So free-lance liberal arts academics looking to sell their knowledge must compete not only against the subsidized, low in-state tuition of community colleges, but even free education. Institutional dependence is built into the academic world. If this idea catches on and succeeds, market forces will likely make independent humanities teaching entrepreneurship impossible.
How does this school limit costs?
To all of those of us who complained at the faculty water cooler that all the talk about "facilitating" and "student-to-student learning" would erode content expertise and cheapen the professoriat: We have arrived. There is now an institution calling itself a university (although its offerings are more vocational and hardly "universal") that has taken this trend to its logical conclusion. This is how they save money, from their Q&A page:
How can a tuition-free university succeed and be effective?You caught the part about using free online materials as well. That is becoming a mantra of self-education, with all the corresponding benefits and pitfalls.
Embracing collaborative learning and utilizing open educational materials, University of the People makes the best use of a student body from around the world while limiting operating costs.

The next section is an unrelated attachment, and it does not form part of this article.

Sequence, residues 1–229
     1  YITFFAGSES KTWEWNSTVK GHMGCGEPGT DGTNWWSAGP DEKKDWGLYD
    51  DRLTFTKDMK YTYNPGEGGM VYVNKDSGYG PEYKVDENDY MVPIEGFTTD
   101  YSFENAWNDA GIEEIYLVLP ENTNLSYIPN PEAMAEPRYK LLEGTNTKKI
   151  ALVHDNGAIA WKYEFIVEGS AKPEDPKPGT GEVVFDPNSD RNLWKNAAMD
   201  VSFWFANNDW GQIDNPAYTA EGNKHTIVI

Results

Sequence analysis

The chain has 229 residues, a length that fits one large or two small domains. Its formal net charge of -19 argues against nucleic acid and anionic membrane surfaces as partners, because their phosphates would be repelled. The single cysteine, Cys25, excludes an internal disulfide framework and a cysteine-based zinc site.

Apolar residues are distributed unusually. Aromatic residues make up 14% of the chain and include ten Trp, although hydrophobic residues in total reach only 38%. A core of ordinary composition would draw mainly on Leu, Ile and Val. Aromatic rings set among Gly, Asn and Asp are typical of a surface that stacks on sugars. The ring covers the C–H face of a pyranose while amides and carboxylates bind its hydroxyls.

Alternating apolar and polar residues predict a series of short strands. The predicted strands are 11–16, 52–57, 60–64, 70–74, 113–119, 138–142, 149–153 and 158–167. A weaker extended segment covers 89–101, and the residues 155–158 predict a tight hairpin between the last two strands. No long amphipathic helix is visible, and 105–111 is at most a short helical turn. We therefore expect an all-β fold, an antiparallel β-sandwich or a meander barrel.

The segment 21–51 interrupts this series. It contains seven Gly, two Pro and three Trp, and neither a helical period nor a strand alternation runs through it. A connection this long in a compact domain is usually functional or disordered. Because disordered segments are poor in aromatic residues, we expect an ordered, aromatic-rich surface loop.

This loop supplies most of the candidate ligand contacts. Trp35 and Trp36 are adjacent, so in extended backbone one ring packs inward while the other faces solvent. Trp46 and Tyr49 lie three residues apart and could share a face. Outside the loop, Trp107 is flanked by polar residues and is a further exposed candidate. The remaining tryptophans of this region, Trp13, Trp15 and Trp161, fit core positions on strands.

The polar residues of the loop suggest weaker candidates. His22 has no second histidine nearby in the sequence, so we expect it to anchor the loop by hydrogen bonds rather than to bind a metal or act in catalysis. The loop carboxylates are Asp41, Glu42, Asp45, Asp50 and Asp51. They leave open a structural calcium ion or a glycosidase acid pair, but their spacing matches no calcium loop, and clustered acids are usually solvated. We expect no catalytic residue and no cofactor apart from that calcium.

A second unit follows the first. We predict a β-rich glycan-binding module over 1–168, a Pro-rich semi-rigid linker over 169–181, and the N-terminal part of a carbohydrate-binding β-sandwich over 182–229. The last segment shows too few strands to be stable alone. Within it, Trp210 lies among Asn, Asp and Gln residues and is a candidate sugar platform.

But the University of the People realizes that this can't be done completely without experts, of course. Experts are welcome. On the page calling for volunteers, it says...
...UoPeople has many different exciting volunteer opportunities for everyone...University of the People can work with you to provide rewarding experiences, whatever your schedule....University of the People needs volunteers with a variety of backgrounds, talents and levels of expertise. Your professional skills and experience will help to guide UoPeople students in their quest for knowledge.
To summarize: Your professional expertise will be worth a "rewarding experience" - and not one penny more.
For years we have been seeing adjuncting become more and more the hobby of retirees and others with an alternative source of income or the de facto volunteer/training stage of a risky career. Here, with this project, we see this in its pure manifestation - openly propogated institutional reliance on people who can afford to simply donate their expertise. Are we carrying civilization to new hights when expertise is so common as to be free? Is this the cutting edge of low-cost, high-efficiency collaborative learning? Or will the market turn back and make expertise less common and more expensive in a few years?